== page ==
convert their stack traces in order for them to be of use for static analysis.
Because release builds are typically not distributed with embedded decompilation
information, a mapping or table must be given to Squash, so that when Squash
receives an unconverted stack trace, it can perform lookups and convert it to a
more usable format.

Currently, the supported conversions are:

  • symbolication of iOS exceptions (see {Symbolication}),
  • deobfuscation of Java exceptions (see {ObfuscationMap}),
  • and source-mapping of JavaScript exceptions (see {SourceMap}).

Client libraries are responsible for delivering the raw stack trace data to
Squash when an exception occurs, and for delivering lookup tables to Squash upon
each new release. {Api::V1Controller} has endpoints for these purposes in
various languages.

Unconverted stack traces are stored in a particular format; see {Occurrence} for
more information. When a new exception with a stack trace in this format is
received, Squash immediately attempts to convert it using an existing matching
lookup table. If no such table is found, the stack trace is left unconverted. It
can still be viewed on the front end. When, later, a new lookup table is added,
Squash automatically finds and converts any matching stack traces.

Because every new Occurrence must be assigned a Bug (including unconverted
Occurrences), it is possible that the "blamed" file and line fields of the
Bug could themselves be unconverted. The {Bug} class has provisions to support
this; see in particular bugs.special_file.


All models, controllers, and library files are unit-tested with RSpec specs
under the spec directory. Run unit tests with the rspec spec command. Views
and JavaScript files are not specced. No integration or acceptance tests are
written. Almost all unit tests use factories rather than mocks, putting them
somewhat closer to integration tests.

In general, the test environment is identical to the development/production
environment, save for the usual Rails allowances, and the
config/initializers/active_record_observer_hooks.rb file. This file adds
after-commit hooks to observers (identical to those available to models).
However, specs are transactionalized, meaning that these hooks wouldn't run
until after the spec is completed, resulting in multiple spec failures.

To remedy this, the file introspects on the environment, and instead links the
observer hooks to the after_save model hooks in the test environment. This
differentiates the test and live environments, but allows specs to pass.

If you wish to bring your test environment closer to production, you can set
the use_transactional_fixtures RSpec setting to false. The hooks file will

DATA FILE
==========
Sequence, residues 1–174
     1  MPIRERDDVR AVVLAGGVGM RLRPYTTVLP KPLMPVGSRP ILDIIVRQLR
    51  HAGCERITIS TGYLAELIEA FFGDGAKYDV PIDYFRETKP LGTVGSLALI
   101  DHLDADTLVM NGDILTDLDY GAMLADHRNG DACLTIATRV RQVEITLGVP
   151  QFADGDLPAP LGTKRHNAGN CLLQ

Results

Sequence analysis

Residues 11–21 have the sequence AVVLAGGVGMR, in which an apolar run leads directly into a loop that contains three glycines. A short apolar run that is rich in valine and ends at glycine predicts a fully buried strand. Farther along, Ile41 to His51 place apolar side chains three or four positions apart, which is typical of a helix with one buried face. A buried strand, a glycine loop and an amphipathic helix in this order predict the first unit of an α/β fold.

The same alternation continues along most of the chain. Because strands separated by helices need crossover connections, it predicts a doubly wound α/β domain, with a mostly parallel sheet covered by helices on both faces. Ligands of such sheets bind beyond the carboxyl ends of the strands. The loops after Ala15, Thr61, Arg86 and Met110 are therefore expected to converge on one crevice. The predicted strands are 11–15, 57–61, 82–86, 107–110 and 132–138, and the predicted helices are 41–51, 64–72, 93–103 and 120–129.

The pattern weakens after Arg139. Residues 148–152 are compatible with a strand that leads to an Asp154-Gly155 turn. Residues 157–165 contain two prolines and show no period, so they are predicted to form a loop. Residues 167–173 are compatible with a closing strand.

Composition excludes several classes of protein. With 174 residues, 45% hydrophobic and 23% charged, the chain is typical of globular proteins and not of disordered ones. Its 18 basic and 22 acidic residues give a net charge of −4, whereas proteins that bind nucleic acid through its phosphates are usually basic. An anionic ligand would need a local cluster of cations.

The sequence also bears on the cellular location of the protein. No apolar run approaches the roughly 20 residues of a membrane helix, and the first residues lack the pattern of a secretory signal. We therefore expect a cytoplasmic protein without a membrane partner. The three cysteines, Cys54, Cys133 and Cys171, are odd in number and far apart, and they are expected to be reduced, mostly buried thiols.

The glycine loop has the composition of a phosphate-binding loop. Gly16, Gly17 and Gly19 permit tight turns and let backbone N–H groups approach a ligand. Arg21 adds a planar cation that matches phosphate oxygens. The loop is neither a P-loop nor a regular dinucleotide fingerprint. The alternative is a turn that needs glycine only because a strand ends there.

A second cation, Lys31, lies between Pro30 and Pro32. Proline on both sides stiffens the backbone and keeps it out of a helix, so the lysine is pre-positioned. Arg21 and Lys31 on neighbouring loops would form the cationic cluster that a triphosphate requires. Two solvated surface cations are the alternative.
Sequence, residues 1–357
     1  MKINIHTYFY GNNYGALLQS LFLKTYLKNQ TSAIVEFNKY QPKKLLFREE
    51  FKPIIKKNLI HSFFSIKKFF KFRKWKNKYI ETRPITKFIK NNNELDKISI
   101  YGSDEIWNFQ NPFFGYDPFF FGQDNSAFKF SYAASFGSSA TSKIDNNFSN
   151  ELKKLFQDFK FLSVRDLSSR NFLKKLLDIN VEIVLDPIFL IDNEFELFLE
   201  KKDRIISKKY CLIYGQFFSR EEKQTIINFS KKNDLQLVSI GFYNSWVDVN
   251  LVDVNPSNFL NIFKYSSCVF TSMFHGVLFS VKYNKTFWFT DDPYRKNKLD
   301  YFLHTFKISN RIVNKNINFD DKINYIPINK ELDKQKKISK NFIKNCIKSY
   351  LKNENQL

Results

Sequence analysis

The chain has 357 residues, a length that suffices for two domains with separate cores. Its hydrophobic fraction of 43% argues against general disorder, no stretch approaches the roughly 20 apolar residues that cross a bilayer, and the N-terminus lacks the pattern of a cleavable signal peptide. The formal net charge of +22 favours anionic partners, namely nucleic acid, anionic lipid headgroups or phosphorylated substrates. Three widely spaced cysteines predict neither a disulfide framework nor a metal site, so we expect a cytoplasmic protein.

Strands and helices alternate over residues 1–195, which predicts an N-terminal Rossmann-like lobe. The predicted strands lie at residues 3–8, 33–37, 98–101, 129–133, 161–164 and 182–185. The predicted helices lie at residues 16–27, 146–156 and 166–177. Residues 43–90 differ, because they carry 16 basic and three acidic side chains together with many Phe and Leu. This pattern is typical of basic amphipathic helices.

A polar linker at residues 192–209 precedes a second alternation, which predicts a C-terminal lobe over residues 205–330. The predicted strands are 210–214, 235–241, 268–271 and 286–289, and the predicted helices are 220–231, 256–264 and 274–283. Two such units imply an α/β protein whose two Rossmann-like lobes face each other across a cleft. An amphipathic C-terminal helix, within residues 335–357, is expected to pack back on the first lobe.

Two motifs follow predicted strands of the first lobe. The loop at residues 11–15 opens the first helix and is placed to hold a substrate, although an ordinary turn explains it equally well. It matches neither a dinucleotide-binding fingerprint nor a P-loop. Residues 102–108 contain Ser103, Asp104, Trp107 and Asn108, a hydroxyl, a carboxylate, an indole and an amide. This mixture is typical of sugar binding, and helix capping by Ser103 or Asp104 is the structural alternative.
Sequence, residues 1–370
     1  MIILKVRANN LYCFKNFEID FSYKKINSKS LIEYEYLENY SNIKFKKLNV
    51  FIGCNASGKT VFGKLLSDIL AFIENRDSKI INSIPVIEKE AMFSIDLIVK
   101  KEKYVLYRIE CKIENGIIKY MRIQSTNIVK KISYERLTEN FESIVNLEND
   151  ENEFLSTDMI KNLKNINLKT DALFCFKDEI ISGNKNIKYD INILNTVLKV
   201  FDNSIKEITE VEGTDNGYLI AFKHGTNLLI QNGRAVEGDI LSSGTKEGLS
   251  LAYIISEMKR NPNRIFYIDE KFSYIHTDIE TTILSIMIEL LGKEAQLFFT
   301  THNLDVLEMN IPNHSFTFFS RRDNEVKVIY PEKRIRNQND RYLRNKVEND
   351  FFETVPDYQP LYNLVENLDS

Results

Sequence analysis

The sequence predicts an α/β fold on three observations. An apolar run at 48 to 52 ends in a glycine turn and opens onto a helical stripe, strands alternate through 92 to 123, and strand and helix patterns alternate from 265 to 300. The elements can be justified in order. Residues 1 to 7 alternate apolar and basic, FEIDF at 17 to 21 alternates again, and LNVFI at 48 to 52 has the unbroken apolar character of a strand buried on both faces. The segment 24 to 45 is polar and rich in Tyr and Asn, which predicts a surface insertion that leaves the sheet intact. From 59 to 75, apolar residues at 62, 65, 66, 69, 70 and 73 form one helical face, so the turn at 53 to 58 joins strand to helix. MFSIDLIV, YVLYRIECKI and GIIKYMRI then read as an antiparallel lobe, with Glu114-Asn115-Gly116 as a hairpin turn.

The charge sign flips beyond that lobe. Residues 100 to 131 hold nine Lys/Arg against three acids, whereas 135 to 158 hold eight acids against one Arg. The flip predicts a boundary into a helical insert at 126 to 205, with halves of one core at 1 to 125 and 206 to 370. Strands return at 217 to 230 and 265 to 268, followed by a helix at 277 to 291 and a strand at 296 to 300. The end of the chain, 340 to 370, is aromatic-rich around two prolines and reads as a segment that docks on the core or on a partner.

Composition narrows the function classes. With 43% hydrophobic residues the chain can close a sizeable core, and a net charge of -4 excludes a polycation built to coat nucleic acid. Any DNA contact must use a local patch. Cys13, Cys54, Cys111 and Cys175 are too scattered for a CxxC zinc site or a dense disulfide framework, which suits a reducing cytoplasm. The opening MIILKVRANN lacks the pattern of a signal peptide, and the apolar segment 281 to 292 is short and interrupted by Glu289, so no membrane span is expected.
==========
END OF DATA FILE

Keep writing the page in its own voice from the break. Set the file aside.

automatically detect the change and use the correct after_commit hooks.
Currently, all specs pass with and without transactionalized fixtures.

Third-Party Integrations

Squash supports integration with a handful of popular other developer tools.


When Squash is integrated with PagerDuty, it will begin sending exceptions to
PagerDuty once the Occurrence count for a given Bug exceeds the Project's
critical threshold. Thereafter, every Occurrence is sent to PagerDuty as a
trigger. The triggers are grouped into alerts by Bug, so users will only be
paged once per new error.

In addition, marking a Bug fixed will also automatically resolve its associated
PagerDuty alert (if any), and assigning a Bug or marking it irrelevant
automatically acknowledges any associated PagerDuty alert.

In order to integrate Squash with PagerDuty, you must

  1. generate an API key that Squash can use for PagerDuty access (you must be a PagerDuty admin to do this),
  2. update the config/environments/common/pagerduty.yml file to enable PagerDuty integration and provide the API key,
  3. configure Generic API services for each escalation policy you wish to use, and
  4. set the PagerDuty-related options in your Project's configuration page.


When Squash is integrated with JIRA, users have the option of associating a JIRA
issue with any Bug. The Management tab will then display a link allowing the
user to quickly view the associated issue.

In addition, the user can have Squash watch the JIRA issue for status updates.
Once the JIRA issue is resolved (or is changed to someother specified status),
the Bug can be automatically marked as fixed. By associating multiple Bugs with
one JIRA issue in such a manner, a user can quickly fix a large number of Bugs
by closing just one JIRA issue.

Finally, a "Create JIRA Issue" button is provided on the Management tab allowing
users to easily create new JIRA issues for any Bug.

In order to integrate Squash with JIRA, you must

  1. configure the config/environments/common/jira.yml file with your JIRA authentication credentials and installation location, and
  2. add a cron job or other periodic task that runs rake jira:update.

JIRA integration works out-of-the-box if you use username/password
authentication. OAuth authentication requires a few more steps. Because OAuth
authentication requires user actions, you will need to obtain an access token
and secret which the JIRA client can use without needing to prompt the user. You
can do this by running the jira_oauth.rb script:

rails runner script/jira_oauth.rb

Follow the instructions to set up your JIRA integration.